When Simmo drove home from that appointment with Dr Presgrave in June last year, he broke down as soon as he walked in the door of their apartment in the Penrith retirement village named The Royce (yes, after him).
“I walked through the door, looked at Liane and just sort of lost it,” he recalled.
“But, just like I thought she’d be, Liane has been really strong and really supportive. She’s been wonderful, keeping me in check with my routine without ever being over the top.
“I told our kids next, which was hard obviously. That’s a big thing for me; I’m more worried about the people who look after me. I don’t want Liane wasting ten to fifteen years of her life because of my condition, or the kids coming to see me and feeling down because of what I’m like.
“It’s that sort of condition; you have all the stats about people who suffer from dementia or die from it but you’ve got to multiply that by 10 or 20 people who suffer as well alongside them.
“I want to help raise money for research as a mark of respect for the medical people who have worked so hard find a cure or a successful treatment and all those people who suffer watching a loved one go down the path of losing who they once were.”
Simmons’ other request is for people, now they know his situation, to treat him no differently than before.
“If they’re used to abusing me or taking the piss out of me, please keep doing it,” he laughs. “I’ve still got the capability of biting back, don’t worry.”
He had told only some of those closest to him, thinking it was best to put the seed in different 'pockets’ of his groups of footy mates and family or business friends. He takes medication daily and has followed medical advice and kept his life as routine and active as it had been, albeit dropping his alcohol intake and increasing his daily exercise.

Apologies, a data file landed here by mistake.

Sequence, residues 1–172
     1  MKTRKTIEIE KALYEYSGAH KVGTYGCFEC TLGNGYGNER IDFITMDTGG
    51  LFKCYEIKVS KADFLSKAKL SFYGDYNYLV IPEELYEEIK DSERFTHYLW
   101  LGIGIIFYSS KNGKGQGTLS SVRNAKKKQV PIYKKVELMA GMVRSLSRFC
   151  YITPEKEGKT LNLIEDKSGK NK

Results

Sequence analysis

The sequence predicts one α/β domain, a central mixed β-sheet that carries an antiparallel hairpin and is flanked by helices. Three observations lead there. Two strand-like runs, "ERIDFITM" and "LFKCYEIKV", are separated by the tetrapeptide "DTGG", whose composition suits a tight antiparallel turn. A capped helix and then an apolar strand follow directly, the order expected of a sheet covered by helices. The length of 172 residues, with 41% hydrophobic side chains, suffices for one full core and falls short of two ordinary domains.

He has fortunately deteriorated little, if at all, in the past 12 months (he is due for an assessment soon) and the biggest impact on his daily life is navigating a long conversation that might have gone off on a tangent and returning to the centre of discussion.
The only person at Panthers, where he has been employed in the commercial area for several years, Simmons initially confided in was CEO Brian Fletcher and they agreed to alter his role at the club from coordinating their Captain’s Club, which involved regular trips away with sponsors, to an ambassador’s role which still includes corporate servicing, assisting former teammate Jim Jones with recruitment and helping with licensed club promotions.
The once regular 10km runs and gym sessions have more recently been replaced by long walks, sometimes with groups of friends and Liane, often 15 to 20km a day. And that’s where the idea of a long distance fundraising sojourn was born.
“Walking is really good for me and if I could get some people who have been successful in life to do different legs with me and share stories, it will help even more,” said Simmo.
“And if we can get sponsorship support and do some talking gigs along the route, it could help raise money for junior footy and dementia research and that’s even more important to me.”
It’s like when Simmo announced to devoted Panthers fans after winning the 1991 premiership, Penrith’s first title in the last of his of his 238 first grade games for the club, that he would “have a beer with every one of yas.”
It wasn’t a pledge to get as drunk as he could but his way of recognising the men and women on the street who had also played a part in the team’s success. That’s Simmo.
Now, Royce Simmons wants to – as long as he is able – recognise the support of those who are by the side of many who are enduring a not so glorious journey. It’s just that he’ll be drinking schooners of light beer this time.
You can support one of rugby league’s favourite characters and toughest competitors by donating now to Royce's Big Walk, with more details about the event to be confirmed over the coming weeks.